Jon Coupal- Columnist
is an attorney and president of the Howard Jarvis Taxpayers
Association -- California's largest taxpayer organization with
offices in Los Angeles and Sacramento. [go to website] [go
to Coupal index]
Legal Action: A Necessary Weapon
the never ending onslaught of greedy government
[Jon Coupal and Trevor Grimm] 12/1/03
Although supported by two-thirds of the voters in 1978, Proposition
13 was not born into a friendly world. Indeed, immediately after
its passage, a massive legal effort tried to kill the new law
in its cradle. That effort failed as the California Supreme Court
upheld Proposition 13 against a host of constitutional attacks.
Since that time, the courtrooms have been major battlefields
in defending taxpayer protections.
Using law books as ammunition in the fight for taxpayer rights,
we have come to appreciate the little Dutch Boy. By using his
finger to plug a leaking dike he was able keep the ocean out
and to save his community from destruction.
Unfortunately, it often seems that the dike holding back a crushing
burden of higher taxes has more leaks than taxpayer attorneys
have fingers and toes. And every time one leak is plugged energetic
tax raisers begin work on creating a new way to overcome the
taxpayer protections provided by Proposition 13 and Proposition
218, the Right to Vote on Taxes Act, passed in 1996.
At any given time the Howard Jarvis Taxpayers Association is
involved in more than a score of legal actions. The reason for
so many suits is often the result of bad advice given to government
officials by their own legal counsel. Some lawyers paid by the
public purse have become so energetic and creative in their efforts
to punch holes in Proposition 13 you'd think that there was a
bounty for violating taxpayer rights.
there is a prize to the city administration that finds the
way around Proposition 13 are probably
unfounded, but if there were, the city of Roseville would definitely
be in the running. Prior to April 2000, the City of Roseville
enacted a so-called "in-lieu franchise fee" on utility
users. This "fee" (which of course was never approved
by the voters) was imposed on the theory that if the city were
served by privately owned utility companies, the providers would
be charged such a fee and that fee would be passed on to the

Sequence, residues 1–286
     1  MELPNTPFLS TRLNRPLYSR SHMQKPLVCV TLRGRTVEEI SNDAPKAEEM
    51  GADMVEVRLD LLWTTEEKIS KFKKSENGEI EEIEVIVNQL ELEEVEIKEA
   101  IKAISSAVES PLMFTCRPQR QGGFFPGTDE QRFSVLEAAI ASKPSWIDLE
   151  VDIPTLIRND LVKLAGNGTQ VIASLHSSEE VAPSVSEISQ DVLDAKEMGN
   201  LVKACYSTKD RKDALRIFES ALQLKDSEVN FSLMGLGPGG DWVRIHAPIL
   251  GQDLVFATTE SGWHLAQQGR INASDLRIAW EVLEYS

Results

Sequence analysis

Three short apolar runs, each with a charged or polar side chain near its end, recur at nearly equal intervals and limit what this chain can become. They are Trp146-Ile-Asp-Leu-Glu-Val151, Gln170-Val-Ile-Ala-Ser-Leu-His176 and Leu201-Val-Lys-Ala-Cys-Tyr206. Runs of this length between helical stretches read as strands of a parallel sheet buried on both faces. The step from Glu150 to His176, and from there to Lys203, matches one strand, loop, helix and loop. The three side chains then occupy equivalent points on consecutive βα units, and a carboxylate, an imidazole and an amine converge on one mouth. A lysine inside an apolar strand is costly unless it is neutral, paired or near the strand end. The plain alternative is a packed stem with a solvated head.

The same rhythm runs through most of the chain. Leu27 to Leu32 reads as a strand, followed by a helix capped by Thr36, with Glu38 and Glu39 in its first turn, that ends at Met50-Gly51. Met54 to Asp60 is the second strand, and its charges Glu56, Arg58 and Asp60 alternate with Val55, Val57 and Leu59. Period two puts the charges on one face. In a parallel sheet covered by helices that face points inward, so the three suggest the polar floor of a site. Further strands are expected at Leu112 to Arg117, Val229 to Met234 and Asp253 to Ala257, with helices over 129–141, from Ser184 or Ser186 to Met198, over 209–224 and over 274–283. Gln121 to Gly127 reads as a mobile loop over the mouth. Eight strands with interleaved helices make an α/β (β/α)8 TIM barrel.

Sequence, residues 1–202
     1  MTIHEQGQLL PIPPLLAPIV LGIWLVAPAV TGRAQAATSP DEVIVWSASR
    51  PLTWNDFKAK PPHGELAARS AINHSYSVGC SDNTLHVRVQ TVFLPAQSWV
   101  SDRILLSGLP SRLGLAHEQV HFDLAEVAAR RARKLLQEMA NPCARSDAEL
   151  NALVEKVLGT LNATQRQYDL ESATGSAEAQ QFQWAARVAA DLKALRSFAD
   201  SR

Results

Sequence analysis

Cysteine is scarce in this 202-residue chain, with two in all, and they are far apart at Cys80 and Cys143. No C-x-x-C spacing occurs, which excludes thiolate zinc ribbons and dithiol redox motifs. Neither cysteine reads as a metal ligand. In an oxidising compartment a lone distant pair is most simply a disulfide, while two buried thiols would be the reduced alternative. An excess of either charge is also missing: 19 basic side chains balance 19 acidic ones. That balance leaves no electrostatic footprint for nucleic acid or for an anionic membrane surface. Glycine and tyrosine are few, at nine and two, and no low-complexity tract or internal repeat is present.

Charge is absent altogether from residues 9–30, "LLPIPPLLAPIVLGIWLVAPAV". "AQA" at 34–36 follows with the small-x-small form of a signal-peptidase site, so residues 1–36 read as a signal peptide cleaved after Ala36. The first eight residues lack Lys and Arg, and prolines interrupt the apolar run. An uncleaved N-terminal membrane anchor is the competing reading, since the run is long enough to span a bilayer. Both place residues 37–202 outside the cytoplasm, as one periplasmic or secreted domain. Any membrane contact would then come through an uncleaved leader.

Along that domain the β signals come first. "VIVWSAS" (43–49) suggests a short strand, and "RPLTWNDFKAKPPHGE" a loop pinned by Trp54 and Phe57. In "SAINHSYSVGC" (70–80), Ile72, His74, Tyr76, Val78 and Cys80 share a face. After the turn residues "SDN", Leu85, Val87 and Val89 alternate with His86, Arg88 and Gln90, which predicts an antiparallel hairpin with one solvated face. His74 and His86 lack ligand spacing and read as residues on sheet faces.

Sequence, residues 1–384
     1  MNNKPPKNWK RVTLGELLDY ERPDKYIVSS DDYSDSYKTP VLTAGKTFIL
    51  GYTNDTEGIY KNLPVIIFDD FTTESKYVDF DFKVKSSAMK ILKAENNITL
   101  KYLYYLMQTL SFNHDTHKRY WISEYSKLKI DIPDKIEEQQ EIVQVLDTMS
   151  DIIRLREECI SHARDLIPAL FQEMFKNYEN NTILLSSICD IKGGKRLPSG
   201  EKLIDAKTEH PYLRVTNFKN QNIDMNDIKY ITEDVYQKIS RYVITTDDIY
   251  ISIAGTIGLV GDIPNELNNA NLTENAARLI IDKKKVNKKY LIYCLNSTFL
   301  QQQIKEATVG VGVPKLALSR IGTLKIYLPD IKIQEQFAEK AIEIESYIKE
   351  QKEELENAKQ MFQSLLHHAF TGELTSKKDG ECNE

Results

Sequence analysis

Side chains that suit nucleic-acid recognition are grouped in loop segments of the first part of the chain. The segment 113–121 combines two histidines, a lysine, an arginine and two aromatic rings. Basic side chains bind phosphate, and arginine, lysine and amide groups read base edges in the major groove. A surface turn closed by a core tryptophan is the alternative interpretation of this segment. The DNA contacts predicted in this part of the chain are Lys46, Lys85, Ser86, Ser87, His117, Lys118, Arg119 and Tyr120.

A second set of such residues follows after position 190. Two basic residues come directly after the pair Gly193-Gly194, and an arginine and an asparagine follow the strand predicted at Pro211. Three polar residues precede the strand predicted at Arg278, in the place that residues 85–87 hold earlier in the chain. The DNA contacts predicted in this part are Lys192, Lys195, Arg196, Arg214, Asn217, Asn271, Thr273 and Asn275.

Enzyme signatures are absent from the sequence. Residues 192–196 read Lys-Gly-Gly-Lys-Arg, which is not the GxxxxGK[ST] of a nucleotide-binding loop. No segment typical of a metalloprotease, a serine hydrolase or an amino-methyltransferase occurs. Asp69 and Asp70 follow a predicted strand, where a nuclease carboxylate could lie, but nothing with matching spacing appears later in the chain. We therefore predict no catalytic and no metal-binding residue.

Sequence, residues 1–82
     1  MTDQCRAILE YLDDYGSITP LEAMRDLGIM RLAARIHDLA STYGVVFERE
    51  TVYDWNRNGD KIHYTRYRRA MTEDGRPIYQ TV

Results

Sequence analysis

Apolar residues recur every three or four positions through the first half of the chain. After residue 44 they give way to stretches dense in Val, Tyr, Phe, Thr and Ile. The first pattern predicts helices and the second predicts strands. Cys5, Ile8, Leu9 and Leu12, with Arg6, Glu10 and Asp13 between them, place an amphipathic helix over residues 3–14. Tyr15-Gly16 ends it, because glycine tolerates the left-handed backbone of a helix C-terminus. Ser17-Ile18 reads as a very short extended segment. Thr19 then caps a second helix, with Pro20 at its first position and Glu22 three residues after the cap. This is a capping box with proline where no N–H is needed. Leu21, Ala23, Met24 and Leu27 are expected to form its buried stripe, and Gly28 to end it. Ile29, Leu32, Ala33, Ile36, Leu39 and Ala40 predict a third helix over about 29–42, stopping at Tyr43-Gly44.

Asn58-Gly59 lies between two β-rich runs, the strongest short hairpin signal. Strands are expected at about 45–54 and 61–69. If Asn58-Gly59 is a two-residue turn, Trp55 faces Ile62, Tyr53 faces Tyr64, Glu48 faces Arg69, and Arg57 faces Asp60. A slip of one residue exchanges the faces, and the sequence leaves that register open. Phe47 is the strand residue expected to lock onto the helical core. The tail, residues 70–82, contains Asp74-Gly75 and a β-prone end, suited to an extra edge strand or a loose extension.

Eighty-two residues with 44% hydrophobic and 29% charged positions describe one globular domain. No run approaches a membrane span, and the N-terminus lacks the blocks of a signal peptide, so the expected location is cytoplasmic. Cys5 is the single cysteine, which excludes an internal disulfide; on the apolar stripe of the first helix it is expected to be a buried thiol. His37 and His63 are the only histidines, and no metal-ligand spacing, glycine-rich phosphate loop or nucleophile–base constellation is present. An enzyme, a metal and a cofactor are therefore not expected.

years of litigation, Howard Jarvis Taxpayers Association lawyers
had the illegal "in lieu franchise fee" struck.
In the language of the law, there was no "nexus" or
connection between the amount of the fee and any particular use-caused
expense, therefore the "fee" had all the characteristics
of a tax requiring voter approval.
This was the taxpayers' second victory against the City of Roseville.
HJTA had won a previously lawsuit, again representing the local
taxpayer group Friends of Roseville, over an illegal effort to
impose a special tax without a two-thirds vote. In short, some
government entities seem to go out of their way to ignore the
important protections taxpayers have secured for themselves at
the ballot box.
A more recent
example, similar to Roseville's "in-lieu
franchise fee" case involved the City of Lancaster. There,
the City Council just deliberated over an ordinance to tag apartment
owners with an annual $95 per unit security "fee," dedicated
to hiring more police. The theory was the city's crime rate had
increased in the wake of an influx of renters, and, therefore,
rental property owners should pay for more cops and try to get
the money back in the form of higher rents. Fortunately, legal
action was not required. The proposal was laid aside after a
public outcry aided and abetted by Howard Jarvis Taxpayers Association.
(Sometimes, just the threat of litigation can bring compliance
with taxpayer protection laws).
Both the Roseville and Lancaster situations involve local governments.
But Proposition 13 extends to state taxes as well because it
requires a two-thirds vote of the Legislature to raise taxes.
Indeed, it was the violation of this provision that is the basis
of HJTA's lawsuit against the dreaded car tax. One reason our
new Governor repealed the car tax -- in addition to the fact
that the tax hike was simply bad policy -- was the fact that
the tripling of the tax was illegal. His rollback of the tax
might make our lawsuit unnecessary, but we also want to make
sure this kind of illegal tax hike isn't attempted by future
taxpayer protection found in our state constitution requires
a vote for going into debt over $300,000. When Gray
Davis and the Legislature tried to float $2 billion (that's billion
with a "b") in bonds to meet the pension obligations
of state employees, HJTA filed suit. It didn't take the judge
too long to figure out that HJTA was right on the law, so the
bonds were invalidated. That case is on appeal.
Taxpayer advocacy groups, especially HJTA, are often best known
for their initiatives. But the war against higher taxes takes
a triad of weapons. During the cold war, America's nuclear capability
consisted of such a triad: sea based nuclear subs, land based
ICBMs and a huge air-based bomber fleet. For HJTA, our triad
consists of initiatives, political action and litigation. Without
all three, we would be far less effective in preserving and defending
the rights of California taxpayers.